After an Australian town scrapped its recycling program a government association has expressed concerns that councils nationwide will follow suit.
The City of Ipswich announced on Wednesday that everything that previously went in the yellow-lid recycling bin would now be sent to landfill.
Local Government Association of Queensland (LGAQ)’s chief executive Greg Hallam told the ABC that the move will ‘be the first of many in Queensland and indeed across Australia’.
He told the broadcaster: ‘It’s unfortunate and we would prefer it to be otherwise, but without any sort of subsidy for our recyclable materials, councils just can’t make the maths add up.’
Local Government Association of Queensland (LGAQ) has expressed concerns that Ipswich won’t be the only council to get rid of a recycling program
Ipswich City Council was told by contractors that they would have to pay a $2 million price hike to continue the service.
A rate rise of 2 per cent would be the only way to cover the costs, according to Mayor Andrew Antoniolli.
‘I have spoken personally to the minister on this issue, and made it clear that we’ve been backed into a corner on recycling,’ a statement from Mr Antoniolli said.
Another concern was the city’s contamination level, as half of what is found in yellow bins is not recyclable.
For recycling to continue Ipswich would have to reduce its rate of pizza boxes, disposable nappies, food waster broken plates, light bulbs and grass clippings by half.
The massive hike in fees is due to China now refusing to accept recycling waste from Australia, having previously accepted up to a million tonnes annually.
This leads to private contractors having to find other solutions as to what to do with the waste which are not as cheap.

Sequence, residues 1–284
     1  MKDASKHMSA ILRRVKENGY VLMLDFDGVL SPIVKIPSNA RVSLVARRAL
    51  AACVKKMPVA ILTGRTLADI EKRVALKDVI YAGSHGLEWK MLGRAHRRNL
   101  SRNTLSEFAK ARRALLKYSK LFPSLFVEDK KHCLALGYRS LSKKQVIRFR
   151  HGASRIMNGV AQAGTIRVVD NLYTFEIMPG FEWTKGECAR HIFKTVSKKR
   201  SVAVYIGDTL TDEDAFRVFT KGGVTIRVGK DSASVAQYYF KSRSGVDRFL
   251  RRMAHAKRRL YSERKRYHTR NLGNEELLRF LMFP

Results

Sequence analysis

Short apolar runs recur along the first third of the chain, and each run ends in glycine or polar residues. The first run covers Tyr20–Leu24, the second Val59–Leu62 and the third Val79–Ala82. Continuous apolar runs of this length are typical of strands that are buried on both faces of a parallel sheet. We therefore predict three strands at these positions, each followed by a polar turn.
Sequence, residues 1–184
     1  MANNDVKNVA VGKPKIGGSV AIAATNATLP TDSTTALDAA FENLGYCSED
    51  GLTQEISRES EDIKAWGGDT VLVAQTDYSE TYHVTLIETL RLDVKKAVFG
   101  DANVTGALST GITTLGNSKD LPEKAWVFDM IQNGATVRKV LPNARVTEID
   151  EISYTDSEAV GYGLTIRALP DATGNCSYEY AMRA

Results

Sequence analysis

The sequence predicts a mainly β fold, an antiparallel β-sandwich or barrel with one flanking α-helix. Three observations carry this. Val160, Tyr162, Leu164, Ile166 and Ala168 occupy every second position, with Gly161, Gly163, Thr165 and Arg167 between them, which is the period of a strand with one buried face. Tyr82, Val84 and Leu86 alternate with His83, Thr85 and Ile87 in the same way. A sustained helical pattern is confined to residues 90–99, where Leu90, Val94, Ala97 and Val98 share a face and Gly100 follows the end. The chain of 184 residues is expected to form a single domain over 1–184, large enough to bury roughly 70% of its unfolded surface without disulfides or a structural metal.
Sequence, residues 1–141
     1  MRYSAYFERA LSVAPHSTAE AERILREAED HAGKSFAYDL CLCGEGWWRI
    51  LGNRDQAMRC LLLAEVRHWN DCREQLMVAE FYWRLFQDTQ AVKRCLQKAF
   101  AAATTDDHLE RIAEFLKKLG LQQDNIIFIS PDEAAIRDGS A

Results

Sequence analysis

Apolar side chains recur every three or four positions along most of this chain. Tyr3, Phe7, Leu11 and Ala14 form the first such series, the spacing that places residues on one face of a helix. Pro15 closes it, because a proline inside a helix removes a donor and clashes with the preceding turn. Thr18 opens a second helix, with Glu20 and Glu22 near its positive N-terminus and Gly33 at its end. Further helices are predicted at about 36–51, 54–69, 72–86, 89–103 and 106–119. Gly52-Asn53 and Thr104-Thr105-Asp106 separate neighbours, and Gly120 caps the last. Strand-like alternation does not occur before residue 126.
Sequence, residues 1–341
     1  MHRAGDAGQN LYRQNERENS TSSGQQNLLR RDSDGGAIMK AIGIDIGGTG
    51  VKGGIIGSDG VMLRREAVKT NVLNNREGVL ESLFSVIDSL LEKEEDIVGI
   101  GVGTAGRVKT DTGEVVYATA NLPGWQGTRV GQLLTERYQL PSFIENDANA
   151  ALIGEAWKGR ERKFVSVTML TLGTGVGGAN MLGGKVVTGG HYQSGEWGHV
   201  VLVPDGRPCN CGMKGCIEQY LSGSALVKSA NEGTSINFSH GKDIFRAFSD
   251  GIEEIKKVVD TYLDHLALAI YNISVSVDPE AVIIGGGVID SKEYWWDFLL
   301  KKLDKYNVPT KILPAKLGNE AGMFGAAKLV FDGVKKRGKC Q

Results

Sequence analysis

Ipswich City Council was told by contractors that they would have to pay a $2 million price hike to continue the recycling service
Late last year, when news of China’s ban on importing recycling waste was still sinking in, the Waste Management Association of Australia noted the reason it is so expensive for Australia to recycle their own waste was that we don’t have the market for recycled products.
‘We don’t have sufficient demand in secondary markets of recyclable product on shore at the moment,’ CEO Gayle Sloan said.
The WMAA called on the Federal Government to mandate the use of recycled materials in its purchasing policies, however, the Environment Minister, Josh Frydenberg, responded that it is a matter for State, Territory, and local governments.
A rate rise of 2 per cent would be the only way to cover the costs according to Mayor Andrew Antoniolli
The city has not given up on its plan for a sustainable future.
Mayor Andrew Antoniolli said in a statement: ‘While it is fair to say the national recycling system broke sooner than we expected, Ipswich has been looking to the future. We’re making sure we tackle this issue head on.’
Deputy Mayor Wayne Wendt said: ‘The focus on recycling will now be very much about waste reduction. Everybody plays a role in the protection of our environment, and ways to reduce waste now become even more important to our daily lives.’